The Meaning of ACID
The safety guarantees provided by transactions are often described by the well- known acronym ACID, which stands for Atomicity, Consistency, Isolation, and Durability. It was coined in 1983 by Theo Harder and Andreas Reuter  in an effort to establish precise terminology for fault-tolerance mechanisms in databases.
However, in practice, one database’s implementation of ACID does not equal another’s implementation. For example, as we shall see, there is a lot of ambiguity around the meaning of isolation . The high-level idea is sound, but the devil is in the details. Today, when a system claims to be “ACID compliant,” it’s unclear what guarantees you can actually expect. ACID has unfortunately become mostly a marketing term.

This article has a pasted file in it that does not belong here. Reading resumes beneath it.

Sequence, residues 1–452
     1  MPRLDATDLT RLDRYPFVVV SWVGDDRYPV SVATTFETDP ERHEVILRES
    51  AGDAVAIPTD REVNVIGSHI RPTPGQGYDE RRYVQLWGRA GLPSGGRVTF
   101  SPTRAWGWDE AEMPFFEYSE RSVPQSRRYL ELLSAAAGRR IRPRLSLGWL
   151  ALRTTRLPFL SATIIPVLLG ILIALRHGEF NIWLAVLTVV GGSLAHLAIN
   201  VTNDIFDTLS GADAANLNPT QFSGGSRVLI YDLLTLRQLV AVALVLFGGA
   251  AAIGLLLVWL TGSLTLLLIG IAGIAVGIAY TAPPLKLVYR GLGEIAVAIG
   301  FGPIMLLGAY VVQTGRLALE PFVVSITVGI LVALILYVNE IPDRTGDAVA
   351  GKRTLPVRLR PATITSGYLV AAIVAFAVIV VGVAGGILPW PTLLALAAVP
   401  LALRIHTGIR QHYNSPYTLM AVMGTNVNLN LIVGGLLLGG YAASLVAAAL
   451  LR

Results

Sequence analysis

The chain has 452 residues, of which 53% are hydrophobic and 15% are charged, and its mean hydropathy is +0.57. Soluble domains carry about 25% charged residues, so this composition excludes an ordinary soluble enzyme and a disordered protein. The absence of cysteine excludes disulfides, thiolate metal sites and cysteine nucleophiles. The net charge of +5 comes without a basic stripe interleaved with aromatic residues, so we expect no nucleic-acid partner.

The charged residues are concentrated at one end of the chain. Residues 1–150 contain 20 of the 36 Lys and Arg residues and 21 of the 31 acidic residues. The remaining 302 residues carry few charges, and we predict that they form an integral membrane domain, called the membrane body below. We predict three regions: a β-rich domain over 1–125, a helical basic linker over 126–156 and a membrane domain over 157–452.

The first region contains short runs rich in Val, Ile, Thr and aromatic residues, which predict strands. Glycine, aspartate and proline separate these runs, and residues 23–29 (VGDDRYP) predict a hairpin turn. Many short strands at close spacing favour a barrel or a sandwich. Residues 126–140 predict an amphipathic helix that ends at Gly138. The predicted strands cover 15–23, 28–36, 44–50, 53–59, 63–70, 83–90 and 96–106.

(Systems that do not meet the ACID criteria are sometimes called BASE, which stands for Basically Available, Soft state, and Eventual consistency . This is even more vague than the definition of ACID. It seems that the only sensible definition of BASE is “not ACID”; i.e., it can mean almost anything you want.)
Let’s dig into the definitions of atomicity, consistency, isolation, and durability, as this will let us refine our idea of transactions.